Friday, April 27, 2012

Another letter to Hawaii, 1887

Hawaii State Archives, Queen Liliuokalani Collections,
M-93, Box 11, Folder 94
Letter from Alice Lee to Mary Dominis, 17 May 1887

Boston, May 17, 1887

My dear Aunt Dominis,
Have been intending to
write to you for years,
but I have hesitated
fearing that I might
not be able to write
much that would
interest you, now,
after seeing “Cousin
John” again and
becoming acquainted
with “Cousin Lydia”
I feel that I must
write and tell you
what a pleasure it
had been to us all
to see them and
have them here.  I
think “The Princess”
Is one of the most
charming women I
have ever met and
I congratulate you
on having her for
a daughter.  Both
she and the Queen
made a most
pleasant impression
here and I hope
they enjoyed their
visit as much as
we did.  As infirm
John didn’t go
to many of the re-
ceptions given in
their honor, Papa
and I had the
pleasure of expending
a good deal of time
with him, and it
was a great pleasure,
The memory of which
will linger with
me all my life.
Although I am you
niece only by adoption
yet I have known
and loved you all
since I was a little
girl and one of
my greatest desires
has been to see you.
I feel ?? I shall
sometime, if not here,
then, perhaps, in the
world beyond.  I
have such a nice
plan in my mind
I want Papa to
Take Grandmother Lee
And make you a
visit next winter.
Grandmother is so
well and strong, she
could easily bear
the journey and what
a joyful meeting it
would be between
you two!  And I know
Papa would enjoy
It.  Grandmother Lee
Is the dearest grand-
mother in the world
and I love her
dearly, she and I
have thought about
you for hours, haven’t
your ears burned?
if they have that
was when we were
??thing about you!
And now I must
say “Goodbye”, I hope
you will not try
to answer this letter
for I know how hard
it is for you to
write and as much
as I should enjoy
Hearing from you
I would rather that
you didn’t give your-
self the trouble.
I send you much
Love and I am
Your affec. niece,
 Alice Lee

Dear Aunt Dominis,
My “big baby” has of
her own free will and
accord written you how
Glad we were in having
John and Lydia here
with us.  I am intending to
write you and tell you of
the nice reception all
the relatives had.  Some
fifty of us cousins- first,
second, third and friends.
The baby being Christopher
Snelling’s son’s child.
The Queen and the Princess
were very popular with all
of the family.  And all speak
In high praise of John and
his nice wife.  Mother had
the best time.  Affectionately
            William Lee

This letter needs a lot of historical background.  I’ll start with a family tree.

Gen. 1.   Owen Jones (abt 1768 – 1850)  m. Elizabeth Lambert (abt 1775 – 1834)
             My 5x g. grandparents in Boston.  They had 8 children including:

   Sarah Jones               Catherine Jones              Laura Jones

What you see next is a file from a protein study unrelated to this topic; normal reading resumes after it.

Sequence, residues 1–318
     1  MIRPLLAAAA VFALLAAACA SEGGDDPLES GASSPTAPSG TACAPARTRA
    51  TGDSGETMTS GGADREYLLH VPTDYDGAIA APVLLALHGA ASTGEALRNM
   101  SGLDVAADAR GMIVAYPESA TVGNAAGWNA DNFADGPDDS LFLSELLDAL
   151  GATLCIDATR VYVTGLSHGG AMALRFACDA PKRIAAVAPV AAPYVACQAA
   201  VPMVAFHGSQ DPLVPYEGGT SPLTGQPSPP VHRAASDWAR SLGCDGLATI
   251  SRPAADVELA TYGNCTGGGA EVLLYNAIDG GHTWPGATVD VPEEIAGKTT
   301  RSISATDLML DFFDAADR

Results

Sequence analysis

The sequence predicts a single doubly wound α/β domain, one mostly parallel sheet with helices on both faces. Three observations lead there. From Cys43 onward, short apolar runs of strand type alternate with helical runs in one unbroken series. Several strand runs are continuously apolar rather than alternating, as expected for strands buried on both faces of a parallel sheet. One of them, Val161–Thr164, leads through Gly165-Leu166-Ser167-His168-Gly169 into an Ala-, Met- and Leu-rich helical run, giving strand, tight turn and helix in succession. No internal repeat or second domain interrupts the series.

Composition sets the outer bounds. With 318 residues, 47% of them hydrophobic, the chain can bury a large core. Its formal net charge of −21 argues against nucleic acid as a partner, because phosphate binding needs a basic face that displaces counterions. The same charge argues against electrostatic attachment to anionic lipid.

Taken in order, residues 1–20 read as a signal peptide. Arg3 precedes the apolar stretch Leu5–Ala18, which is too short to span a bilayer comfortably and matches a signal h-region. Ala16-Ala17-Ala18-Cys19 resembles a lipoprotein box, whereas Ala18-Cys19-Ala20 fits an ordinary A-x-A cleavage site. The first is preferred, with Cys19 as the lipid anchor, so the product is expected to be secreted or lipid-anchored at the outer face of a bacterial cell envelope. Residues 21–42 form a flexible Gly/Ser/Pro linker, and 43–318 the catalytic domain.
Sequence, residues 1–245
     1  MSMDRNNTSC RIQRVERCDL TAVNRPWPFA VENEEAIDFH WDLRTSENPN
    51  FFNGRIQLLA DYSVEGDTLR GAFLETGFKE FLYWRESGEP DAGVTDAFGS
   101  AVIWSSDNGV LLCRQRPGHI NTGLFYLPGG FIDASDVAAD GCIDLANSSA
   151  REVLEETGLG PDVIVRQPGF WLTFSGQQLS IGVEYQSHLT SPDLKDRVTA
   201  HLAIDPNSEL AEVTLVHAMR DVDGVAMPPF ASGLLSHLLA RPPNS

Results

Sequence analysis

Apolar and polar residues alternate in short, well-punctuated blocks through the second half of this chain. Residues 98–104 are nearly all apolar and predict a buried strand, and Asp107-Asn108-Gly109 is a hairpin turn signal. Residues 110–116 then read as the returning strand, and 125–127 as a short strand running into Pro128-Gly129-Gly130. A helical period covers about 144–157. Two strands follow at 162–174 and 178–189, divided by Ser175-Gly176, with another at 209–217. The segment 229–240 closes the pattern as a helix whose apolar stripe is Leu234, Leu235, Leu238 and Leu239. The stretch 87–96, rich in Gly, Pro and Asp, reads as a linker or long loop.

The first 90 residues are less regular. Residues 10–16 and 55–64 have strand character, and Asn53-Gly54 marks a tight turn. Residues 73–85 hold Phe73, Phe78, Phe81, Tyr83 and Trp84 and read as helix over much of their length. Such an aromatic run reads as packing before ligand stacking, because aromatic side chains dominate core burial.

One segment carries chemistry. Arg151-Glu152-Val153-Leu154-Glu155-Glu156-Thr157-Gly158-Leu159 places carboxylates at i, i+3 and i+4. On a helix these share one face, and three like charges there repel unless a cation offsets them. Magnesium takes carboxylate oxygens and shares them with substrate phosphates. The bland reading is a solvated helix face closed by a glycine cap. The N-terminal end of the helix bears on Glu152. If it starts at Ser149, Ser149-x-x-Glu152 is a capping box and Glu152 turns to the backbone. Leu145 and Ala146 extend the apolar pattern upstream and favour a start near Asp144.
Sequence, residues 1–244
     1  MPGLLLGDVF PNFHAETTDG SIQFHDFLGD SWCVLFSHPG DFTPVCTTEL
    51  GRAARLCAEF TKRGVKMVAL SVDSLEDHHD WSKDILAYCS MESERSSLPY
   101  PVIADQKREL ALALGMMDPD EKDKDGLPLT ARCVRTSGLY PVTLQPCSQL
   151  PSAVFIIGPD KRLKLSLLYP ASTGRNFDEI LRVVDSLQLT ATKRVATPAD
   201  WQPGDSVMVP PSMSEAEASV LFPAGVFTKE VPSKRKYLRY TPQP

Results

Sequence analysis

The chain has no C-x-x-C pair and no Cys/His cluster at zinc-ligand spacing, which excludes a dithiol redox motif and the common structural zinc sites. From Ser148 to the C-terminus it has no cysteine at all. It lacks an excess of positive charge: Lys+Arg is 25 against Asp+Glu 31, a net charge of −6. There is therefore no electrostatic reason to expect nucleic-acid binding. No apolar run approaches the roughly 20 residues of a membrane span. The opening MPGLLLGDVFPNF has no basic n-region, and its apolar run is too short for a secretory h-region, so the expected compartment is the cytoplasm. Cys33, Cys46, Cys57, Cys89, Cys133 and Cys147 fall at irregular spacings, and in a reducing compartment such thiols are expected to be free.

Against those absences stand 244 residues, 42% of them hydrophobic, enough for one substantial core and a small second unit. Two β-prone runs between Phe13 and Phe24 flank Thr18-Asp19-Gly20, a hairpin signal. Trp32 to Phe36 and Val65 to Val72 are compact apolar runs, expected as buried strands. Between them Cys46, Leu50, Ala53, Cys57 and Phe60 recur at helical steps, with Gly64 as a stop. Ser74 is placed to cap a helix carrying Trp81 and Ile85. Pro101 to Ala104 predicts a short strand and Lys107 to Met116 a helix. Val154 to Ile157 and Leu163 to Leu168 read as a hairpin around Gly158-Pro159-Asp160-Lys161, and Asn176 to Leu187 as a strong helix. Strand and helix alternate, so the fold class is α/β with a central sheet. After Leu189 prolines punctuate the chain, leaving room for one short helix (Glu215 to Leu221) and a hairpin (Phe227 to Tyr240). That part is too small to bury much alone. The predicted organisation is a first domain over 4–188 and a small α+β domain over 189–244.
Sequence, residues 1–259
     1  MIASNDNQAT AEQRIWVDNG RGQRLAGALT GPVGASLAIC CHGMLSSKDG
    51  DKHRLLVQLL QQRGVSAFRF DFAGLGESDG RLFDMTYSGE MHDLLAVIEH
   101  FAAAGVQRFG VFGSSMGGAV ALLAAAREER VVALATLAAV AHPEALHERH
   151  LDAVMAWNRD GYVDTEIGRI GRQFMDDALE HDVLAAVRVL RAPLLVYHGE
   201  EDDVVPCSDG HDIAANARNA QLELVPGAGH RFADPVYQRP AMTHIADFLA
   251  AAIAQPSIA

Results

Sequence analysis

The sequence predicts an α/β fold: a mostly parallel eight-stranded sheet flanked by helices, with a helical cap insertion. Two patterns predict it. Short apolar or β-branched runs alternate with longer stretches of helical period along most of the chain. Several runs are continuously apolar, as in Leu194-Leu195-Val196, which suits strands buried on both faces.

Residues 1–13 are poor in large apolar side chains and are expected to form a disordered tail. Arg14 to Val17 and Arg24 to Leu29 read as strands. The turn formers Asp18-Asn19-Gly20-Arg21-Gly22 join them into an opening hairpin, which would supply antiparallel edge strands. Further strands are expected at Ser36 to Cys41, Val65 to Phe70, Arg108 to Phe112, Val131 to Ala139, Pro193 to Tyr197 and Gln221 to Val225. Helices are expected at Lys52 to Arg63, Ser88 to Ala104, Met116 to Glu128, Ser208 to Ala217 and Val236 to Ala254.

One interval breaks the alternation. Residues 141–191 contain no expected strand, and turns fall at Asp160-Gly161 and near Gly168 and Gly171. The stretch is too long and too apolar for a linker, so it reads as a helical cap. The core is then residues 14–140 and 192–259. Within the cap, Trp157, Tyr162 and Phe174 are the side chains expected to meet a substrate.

m. Enoch Snelling      m. Levi Younger               m. John Lee
(children in letter)   (my 4x g. grandparents)    had eight children including
                                                                          William Lee ((1826 – 1906) m. Anna Leavitt
                                                                           His adopted daughter Alice Gookin Lee
                                                                (daughter of Anna’s sister Mary & George Gookin)

Another Jones sister (one of the eight children of Owen Jones and Elizabeth Lambert) was Mary Lambert Jones (1803 – 1889).  Mary married a sea captain, John Dominis (d. 1846) who took her to live on the island of Oahu in Hawaii.  He built her a big New England style home in Honolulu, and then was lost at sea.  Their only surviving son was John Owen Dominis (1832 – 1891) who married Lydia Paki, a native Hawaiian with noble blood.  When Lydia’s brother, David Kalakaua (1836 – 1891) became King of the Kingdom of Hawaii, she became Princess Lili’uokalani.    During Queen Victoria’s Jubilee (50th Anniversary year on the throne), King Kalakaua, his wife Queen Kapiolani, and Princess Lili’uokalani went to London via Boston.  During the stop in Boston the Royalty visited with the Jones family.

The visit to Boston in 1887 is described in this letter.   I have several other letters from family members about this visit.  This visit was a family story passed down to my generation, but no one believed it until we found letters like this one.  This one is especially poignant to me because you can understand how the family felt so estranged from each other in the 1800s.  Hawaii was thousands of miles away by ships that had to go around South America, and this voyage took months and months. 

Alice and her grandmother never made the trip to Hawaii to see Auntie Mary Dominis.    Mary died just a few years later.   Queen Lili’uokalani succeeded her brother to the throne in 1891, and her husband John O. Dominis died later that same year.  After the overthrow of the Kingdom of Hawaii in 1893 she lost the throne.  Queen Lili’uokalani again came to Boston in 1897 on her way to Washington DC to petition the president to reject the US annexation.   During her second Boston visit she again visited the Lees, Snellings and other family members.

Alice Gookin Lee was born 20 February 1854 in Hampton, New Hampshire, and she died on 4 March 1926 in Forest Hills, Massachusetts (a part of Boston now known as Jamaica Plain).  She is buried at the High Street Cemetery in Hampton, New Hampshire where her adopted father, William Lee, is also buried.   She never married, but was an accomplished woman who studied botany.  Alice was about twenty three years old when she wrote this letter.

Copyright 2012, Heather Wilkinson Rojo

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